Commodities: Bottoming out? Commodities: Bottoming out? Commodities: Bottoming out?

Commodities: Bottoming out?

Ole Hansen

Head of Commodity Strategy

Summary:  Are commodities on the verge of becoming the hottest topic in finance again, or will AI remain in focus?


A year-long commodity sector correction showing signs of reversing

The commodity sector looks set to start the third quarter on a firmer footing after months of weakness saw a partial reversal during June. Multiple developments, some based on expectations and some on actual developments, have all contributed to the strong gains, the most important being renewed dollar weakness as interest rate gaps narrow, OPEC’s active management of oil production and prices, the not-yet-realised prospect for the Chinese government stepping up its support for the economy and, not least, the risk of higher food prices into the autumn, as several key growing regions battle with hot and dry weather conditions.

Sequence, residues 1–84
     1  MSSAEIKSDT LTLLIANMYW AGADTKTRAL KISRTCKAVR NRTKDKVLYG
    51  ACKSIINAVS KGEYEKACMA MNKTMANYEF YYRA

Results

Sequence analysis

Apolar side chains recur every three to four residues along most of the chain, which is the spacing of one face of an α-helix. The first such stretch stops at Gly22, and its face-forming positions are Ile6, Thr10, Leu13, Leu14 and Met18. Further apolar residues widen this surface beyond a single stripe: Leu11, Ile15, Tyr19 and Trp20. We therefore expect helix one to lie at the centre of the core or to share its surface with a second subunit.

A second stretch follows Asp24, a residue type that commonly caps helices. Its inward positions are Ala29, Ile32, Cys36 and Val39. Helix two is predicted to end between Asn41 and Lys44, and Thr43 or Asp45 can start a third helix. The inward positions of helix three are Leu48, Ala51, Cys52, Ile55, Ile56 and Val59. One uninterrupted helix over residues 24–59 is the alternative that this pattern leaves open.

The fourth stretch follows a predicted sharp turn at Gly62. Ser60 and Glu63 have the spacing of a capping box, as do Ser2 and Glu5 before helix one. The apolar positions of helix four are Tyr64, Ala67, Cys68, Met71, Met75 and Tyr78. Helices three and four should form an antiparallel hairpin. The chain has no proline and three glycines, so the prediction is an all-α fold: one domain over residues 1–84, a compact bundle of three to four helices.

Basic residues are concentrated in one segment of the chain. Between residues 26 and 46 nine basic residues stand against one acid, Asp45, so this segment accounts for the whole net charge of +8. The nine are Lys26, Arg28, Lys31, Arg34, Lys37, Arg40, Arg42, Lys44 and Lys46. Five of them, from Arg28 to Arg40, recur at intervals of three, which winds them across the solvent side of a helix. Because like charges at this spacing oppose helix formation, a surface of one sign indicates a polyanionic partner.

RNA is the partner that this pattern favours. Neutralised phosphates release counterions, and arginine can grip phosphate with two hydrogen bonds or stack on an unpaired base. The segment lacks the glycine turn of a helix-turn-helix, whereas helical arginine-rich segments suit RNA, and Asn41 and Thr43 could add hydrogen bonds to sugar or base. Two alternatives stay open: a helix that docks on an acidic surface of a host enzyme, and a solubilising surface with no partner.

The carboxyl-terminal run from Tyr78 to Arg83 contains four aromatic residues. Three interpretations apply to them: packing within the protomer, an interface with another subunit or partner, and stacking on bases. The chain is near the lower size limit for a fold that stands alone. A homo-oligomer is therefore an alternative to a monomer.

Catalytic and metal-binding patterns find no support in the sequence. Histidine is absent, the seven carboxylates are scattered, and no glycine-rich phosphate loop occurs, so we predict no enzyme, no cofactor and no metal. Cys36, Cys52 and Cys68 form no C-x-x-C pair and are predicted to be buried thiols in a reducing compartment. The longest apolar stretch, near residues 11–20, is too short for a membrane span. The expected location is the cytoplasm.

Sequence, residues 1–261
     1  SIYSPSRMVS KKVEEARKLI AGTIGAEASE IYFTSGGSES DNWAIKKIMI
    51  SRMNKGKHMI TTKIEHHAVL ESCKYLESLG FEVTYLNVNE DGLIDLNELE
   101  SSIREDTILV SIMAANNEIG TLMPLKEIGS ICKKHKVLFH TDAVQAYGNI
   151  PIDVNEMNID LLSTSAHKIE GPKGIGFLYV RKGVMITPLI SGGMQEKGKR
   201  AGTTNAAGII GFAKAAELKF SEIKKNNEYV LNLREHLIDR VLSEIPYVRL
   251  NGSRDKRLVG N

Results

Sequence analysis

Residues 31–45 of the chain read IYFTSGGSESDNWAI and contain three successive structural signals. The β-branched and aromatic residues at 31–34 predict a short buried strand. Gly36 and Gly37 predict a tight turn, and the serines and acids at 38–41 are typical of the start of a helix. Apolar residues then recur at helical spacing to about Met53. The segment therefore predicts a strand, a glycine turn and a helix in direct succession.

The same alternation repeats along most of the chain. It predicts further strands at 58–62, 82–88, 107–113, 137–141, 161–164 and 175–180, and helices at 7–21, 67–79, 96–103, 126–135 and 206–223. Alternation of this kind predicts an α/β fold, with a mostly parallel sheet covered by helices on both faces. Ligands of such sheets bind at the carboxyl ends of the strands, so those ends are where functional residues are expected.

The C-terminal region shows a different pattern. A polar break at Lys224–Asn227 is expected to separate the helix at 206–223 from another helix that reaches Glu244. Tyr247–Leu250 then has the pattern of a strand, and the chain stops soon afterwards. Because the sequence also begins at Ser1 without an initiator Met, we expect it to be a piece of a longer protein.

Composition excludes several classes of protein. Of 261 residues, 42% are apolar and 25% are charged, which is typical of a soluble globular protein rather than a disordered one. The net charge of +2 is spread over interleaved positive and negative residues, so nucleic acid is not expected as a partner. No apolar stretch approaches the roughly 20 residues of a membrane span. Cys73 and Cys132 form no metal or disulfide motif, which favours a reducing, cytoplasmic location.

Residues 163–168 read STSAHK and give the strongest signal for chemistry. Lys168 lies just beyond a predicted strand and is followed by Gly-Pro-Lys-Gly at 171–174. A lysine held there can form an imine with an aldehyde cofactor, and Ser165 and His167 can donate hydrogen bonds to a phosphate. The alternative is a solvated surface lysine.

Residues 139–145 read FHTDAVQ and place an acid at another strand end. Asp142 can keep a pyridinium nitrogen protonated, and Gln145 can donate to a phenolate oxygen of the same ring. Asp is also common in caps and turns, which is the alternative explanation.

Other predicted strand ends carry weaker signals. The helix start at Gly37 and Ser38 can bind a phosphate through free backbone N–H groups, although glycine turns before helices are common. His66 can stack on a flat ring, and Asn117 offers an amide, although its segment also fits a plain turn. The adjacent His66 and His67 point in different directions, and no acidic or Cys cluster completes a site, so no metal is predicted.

Despite continued demand worries led by recession concerns in the US and Europe, the energy sector is holding up – supported by Saudi Arabia’s unilateral production cut, rising refinery margins into the peak summer demand season and speculative traders’ and investors’ belief in higher prices being near the weakest in more than ten years, thereby reducing the risk of additional aggressive macroeconomic-related selling. Elsewhere, we are seeing hot and dry weather raising concerns across the agriculture sector, while also raising demand for natural gas around the world from power generators towards cooling.